TechnologyTreasury Management

Treasury Help Wanted: Junior Members With Skills Beyond Finance

By June 17, 2021June 29th, 2021No Comments

Members of NeuGroup for High Potentials also discuss the value of the Certified Treasury Professional Designation.
 
At a meeting this spring, NeuGroup’s High Potentials group discussed critical skills and career management that included observations on the value of the Certified Treasury Professional (CTP) designation and current hiring challenges facing treasury teams. Following are takeaways from NeuGroup’s Andy Podolsky, who moderated the session.
 
A skills checklist. The meeting included a survey about what skills members believe every treasury professional should possess. Highlights:

  • FX got the most votes, with 70% of respondents listing it, followed by capital markets with 60%.
  • About one-third of respondents listed these skills: project management, cash forecasting, entity structure, accounting and capital planning.
  • Bank management and TMS received votes from 20% of respondents, while insurance and taxation got 10%.

Challenges. Members shared on common challenges including trouble filling open positions for more junior roles. Other topics that surfaced:

  • New hires who are often not familiar with what treasury does.
  • A sense that the CTP designation is perhaps not as valuable as it once was.
  • The importance of hiring candidates with deeper business intelligence (BI) and data management skills.

CTP critique. The group divided almost evenly into three groups: those having their CTP, those considering it, and those thinking the CTP may not be worth the trouble.  

  • Only a tiny minority (10%) felt the CTP was “extremely important” (see chart). Fewer than half (40%) said it’s “somewhat important” to have the designation.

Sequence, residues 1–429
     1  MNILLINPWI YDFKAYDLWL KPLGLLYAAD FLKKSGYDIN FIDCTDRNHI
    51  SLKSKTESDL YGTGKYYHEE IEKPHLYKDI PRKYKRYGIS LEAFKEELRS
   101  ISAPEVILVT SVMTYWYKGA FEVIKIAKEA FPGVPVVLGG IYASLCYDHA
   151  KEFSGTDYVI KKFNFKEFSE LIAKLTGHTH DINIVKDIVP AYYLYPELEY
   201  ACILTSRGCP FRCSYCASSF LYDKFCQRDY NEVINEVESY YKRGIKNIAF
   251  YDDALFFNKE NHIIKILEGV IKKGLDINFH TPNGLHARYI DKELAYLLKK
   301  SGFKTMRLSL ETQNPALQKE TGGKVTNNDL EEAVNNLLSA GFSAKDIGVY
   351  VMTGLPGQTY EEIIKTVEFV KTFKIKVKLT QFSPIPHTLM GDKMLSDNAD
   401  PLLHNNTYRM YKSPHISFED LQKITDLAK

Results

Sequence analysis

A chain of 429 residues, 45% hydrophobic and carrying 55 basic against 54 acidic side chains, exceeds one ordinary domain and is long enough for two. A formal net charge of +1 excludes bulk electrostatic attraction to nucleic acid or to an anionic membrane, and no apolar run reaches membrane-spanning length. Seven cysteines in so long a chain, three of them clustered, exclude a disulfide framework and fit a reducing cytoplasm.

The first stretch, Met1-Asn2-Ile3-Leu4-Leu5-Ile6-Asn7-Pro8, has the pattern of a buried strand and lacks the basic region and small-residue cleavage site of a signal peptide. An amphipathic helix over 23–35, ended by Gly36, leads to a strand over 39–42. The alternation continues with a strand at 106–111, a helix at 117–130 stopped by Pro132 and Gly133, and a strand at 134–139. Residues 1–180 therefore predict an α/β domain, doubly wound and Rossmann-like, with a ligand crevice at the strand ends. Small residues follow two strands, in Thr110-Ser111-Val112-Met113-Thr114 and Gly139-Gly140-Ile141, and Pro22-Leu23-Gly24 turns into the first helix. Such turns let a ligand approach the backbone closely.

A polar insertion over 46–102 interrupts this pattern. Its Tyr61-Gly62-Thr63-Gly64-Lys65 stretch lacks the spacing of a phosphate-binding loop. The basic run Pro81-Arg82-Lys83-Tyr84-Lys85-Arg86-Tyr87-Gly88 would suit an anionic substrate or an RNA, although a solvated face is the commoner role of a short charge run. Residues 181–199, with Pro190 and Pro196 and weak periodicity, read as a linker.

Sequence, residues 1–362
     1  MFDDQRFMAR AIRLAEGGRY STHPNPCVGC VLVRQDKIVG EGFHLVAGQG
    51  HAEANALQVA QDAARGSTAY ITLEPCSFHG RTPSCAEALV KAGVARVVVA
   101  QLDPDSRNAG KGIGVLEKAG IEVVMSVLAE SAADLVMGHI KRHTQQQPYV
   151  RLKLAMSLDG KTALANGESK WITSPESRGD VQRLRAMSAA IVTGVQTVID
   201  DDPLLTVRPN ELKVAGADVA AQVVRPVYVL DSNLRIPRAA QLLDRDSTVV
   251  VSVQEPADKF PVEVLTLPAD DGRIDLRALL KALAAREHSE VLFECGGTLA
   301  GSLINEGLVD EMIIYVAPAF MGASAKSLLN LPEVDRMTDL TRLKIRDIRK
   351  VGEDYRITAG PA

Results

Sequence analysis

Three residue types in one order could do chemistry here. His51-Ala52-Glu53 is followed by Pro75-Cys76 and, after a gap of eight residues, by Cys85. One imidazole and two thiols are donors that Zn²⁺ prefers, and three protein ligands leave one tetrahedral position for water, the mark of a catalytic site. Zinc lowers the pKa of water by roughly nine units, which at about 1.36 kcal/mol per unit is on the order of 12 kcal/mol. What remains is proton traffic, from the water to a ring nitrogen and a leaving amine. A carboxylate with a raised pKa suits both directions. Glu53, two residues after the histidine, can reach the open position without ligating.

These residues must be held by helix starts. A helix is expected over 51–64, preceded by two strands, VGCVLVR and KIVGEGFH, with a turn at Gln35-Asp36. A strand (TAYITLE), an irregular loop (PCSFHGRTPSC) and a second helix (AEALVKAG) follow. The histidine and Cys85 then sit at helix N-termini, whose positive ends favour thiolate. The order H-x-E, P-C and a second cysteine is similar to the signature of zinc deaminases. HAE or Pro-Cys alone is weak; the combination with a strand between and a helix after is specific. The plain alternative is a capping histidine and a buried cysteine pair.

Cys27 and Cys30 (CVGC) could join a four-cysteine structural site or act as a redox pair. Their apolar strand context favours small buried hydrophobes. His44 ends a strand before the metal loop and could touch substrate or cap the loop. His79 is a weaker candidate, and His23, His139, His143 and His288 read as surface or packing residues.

• Many of these young leaders believe the general skills of curiosity, acting as team players and displaying an ability to learn are more critical than treasury technical skills that can be learned over time.
  • Other skills in demand include good working habits, an ability to think outside the box, real-world experience, and internships that expose candidates to finance and allow them to hit the ground running.

Hiring woes. The group agreed that hiring people for treasury roles is particularly challenging these days. These managers found that candidates are not trained well by universities on what treasury teams do, and are disinclined to take, or even apply for, jobs that will be 100% in the office.

  • Training those people who do accept jobs is problematic in a virtual world where training is often limited to “throwing new hires into the deep end and seeing who can swim and learn on the job,” as one member put it. “I wish there were better preparation by colleges.”  
  • As a result, hiring managers seem to be shifting their focus to raw talent they can mold into treasury specialists. 
  • This gap is something business schools will hopefully add to their curriculum—functional awareness and an overview of corporate finance functions.
  • In the meantime, one member’s advice to colleagues new to treasury: “Take advantage of your bankers to ask the ‘dumb’ questions you don’t want to internally. They’re a great source and always happy to help.”         
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Justin Jones

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